Does anyone even remember their goals and dreams from January at this point? I mean. Mine are in my planner so I have an idea of what they were, but… let’s say I’m not entirely on track. You know what though? It doesn’t matter. This year has been hard, and what’s done is done. It’s what we do next that matters.
And we still have nearly three months left. 13 weeks. 90 days. Maybe by the time you read this it’ll only be 10 weeks. That’s still plenty. Now, as the season and the light changes but we still have a good chunk of time to make progress on a project, it feels like a good time for a very gentle reset with an equally gentle approach to the rest of the year.
Let’s not ask too much of ourselves just now.
Let’s make it our job to support and nurture our creativity instead of making demands of it, and see how much better we can make the end of the year using that approach.
How do we do this? By focusing on fewer things, on consistency, on taking off the pressure and doing less.
Amie (Editor, Designer, Author and my co-pilot for Six Month Novel) has long been an advocate of teeny tiny goals. Amie is wise, and we should listen to her. She’d always rather set a small goal of writing, say, 100 words at a time even if it isn’t technically ‘enough’, because the 1,000 word goal freaks her out and she won’t start. On the other hand, if she just has to write 100 words in a day that feels easy. She’s much more likely to do it, enjoy it and then feel good about starting again the next day.
In fact, she often finds she gets on a roll, chooses to keep going and hits a much bigger number, but the important thing is that the smaller 100 word target is genuine – if she hits 100 words she gets gold stars (nb: I do not know if she actually gets gold stars but I feel it’s a motivational tool that should be more common) and feels great for ticking off a major goal for the day.
Doing 100% or even 75% of a small goal consistently will get you a lot further than doing 0% or 25% of a big goal infrequently.
The reality is that she’s super productive because she’s consistent. Her approach, helping to make the writing less intimidating and more enjoyable by taking small bites, and therefore writing more often, works. Encouraging and supporting yourself and celebrating the things you’ve done rather than berating yourself for the things you haven’t works.
Let’s set some new goals
Try this to getting yourself onto a new, do-able track for the last two or three months of the year. It shouldn’t take more than 15 minutes.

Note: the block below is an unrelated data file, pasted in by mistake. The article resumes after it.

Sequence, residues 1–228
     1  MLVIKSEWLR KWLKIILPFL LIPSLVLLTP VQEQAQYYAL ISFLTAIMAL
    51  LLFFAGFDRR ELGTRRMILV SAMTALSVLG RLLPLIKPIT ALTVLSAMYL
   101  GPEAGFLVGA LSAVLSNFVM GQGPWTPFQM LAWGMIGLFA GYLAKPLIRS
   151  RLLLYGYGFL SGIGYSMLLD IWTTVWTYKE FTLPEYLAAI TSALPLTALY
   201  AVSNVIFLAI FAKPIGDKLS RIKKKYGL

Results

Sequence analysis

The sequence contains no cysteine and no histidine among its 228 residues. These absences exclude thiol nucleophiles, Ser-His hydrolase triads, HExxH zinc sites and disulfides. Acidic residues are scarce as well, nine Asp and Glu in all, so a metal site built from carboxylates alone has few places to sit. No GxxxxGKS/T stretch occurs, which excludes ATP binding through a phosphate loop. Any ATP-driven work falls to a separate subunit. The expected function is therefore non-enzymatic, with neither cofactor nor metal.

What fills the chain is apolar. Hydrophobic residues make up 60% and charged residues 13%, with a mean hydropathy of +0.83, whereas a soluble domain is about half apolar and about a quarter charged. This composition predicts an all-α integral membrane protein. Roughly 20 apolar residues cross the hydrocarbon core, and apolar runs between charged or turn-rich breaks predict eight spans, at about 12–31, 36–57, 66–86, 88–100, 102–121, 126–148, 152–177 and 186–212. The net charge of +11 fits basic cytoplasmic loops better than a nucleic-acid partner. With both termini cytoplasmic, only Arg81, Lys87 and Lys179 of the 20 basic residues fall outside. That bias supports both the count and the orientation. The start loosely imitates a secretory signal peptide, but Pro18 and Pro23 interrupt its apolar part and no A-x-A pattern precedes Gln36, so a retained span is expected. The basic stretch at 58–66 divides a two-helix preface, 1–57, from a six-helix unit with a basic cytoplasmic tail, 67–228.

1. Brainstorm writing goals you had for this year or that have come up since then.
2. Journal for a couple of minutes on how you’d like to end this year. How would you like to feel? Which of your goals might help you get there? Which do you really want to do? Pick one goal. Yes, one, we’re trying to be gentle, remember? Let the others go for now.
3. Break it into three monthly parts. Does each feel genuinely achievable without piling on pressure? If you think it actually sounds like a lot (regardless of whether you ‘should’ be able to do it), make that goal smaller – plotting and writing 5k of a novel rather than writing the whole thing. This isn’t a productivity competition.
4. What is the one small task you can and are willing to commit to regularly that will have the most impact on your progress to your goal? How does this feel? Is it small enough? It doesn’t have to be word count or time, it can be just a commitment to showing up and making sure you know what’s next each time.
5. How can you make this a) feel lovely to do and b) more likely to happen? Brainstorm 10 ways and set them up now.
6. Focus on just repeating that one regular action that will make the most difference, and celebrate having made progress every single time you do it. Tell yourself you’re wonderful and are doing great. Mean it. Repeat, and enjoy watching your progress slowly mount up.
And that’s you done. Lovely goals that will help you end the year feeling positive and more productive!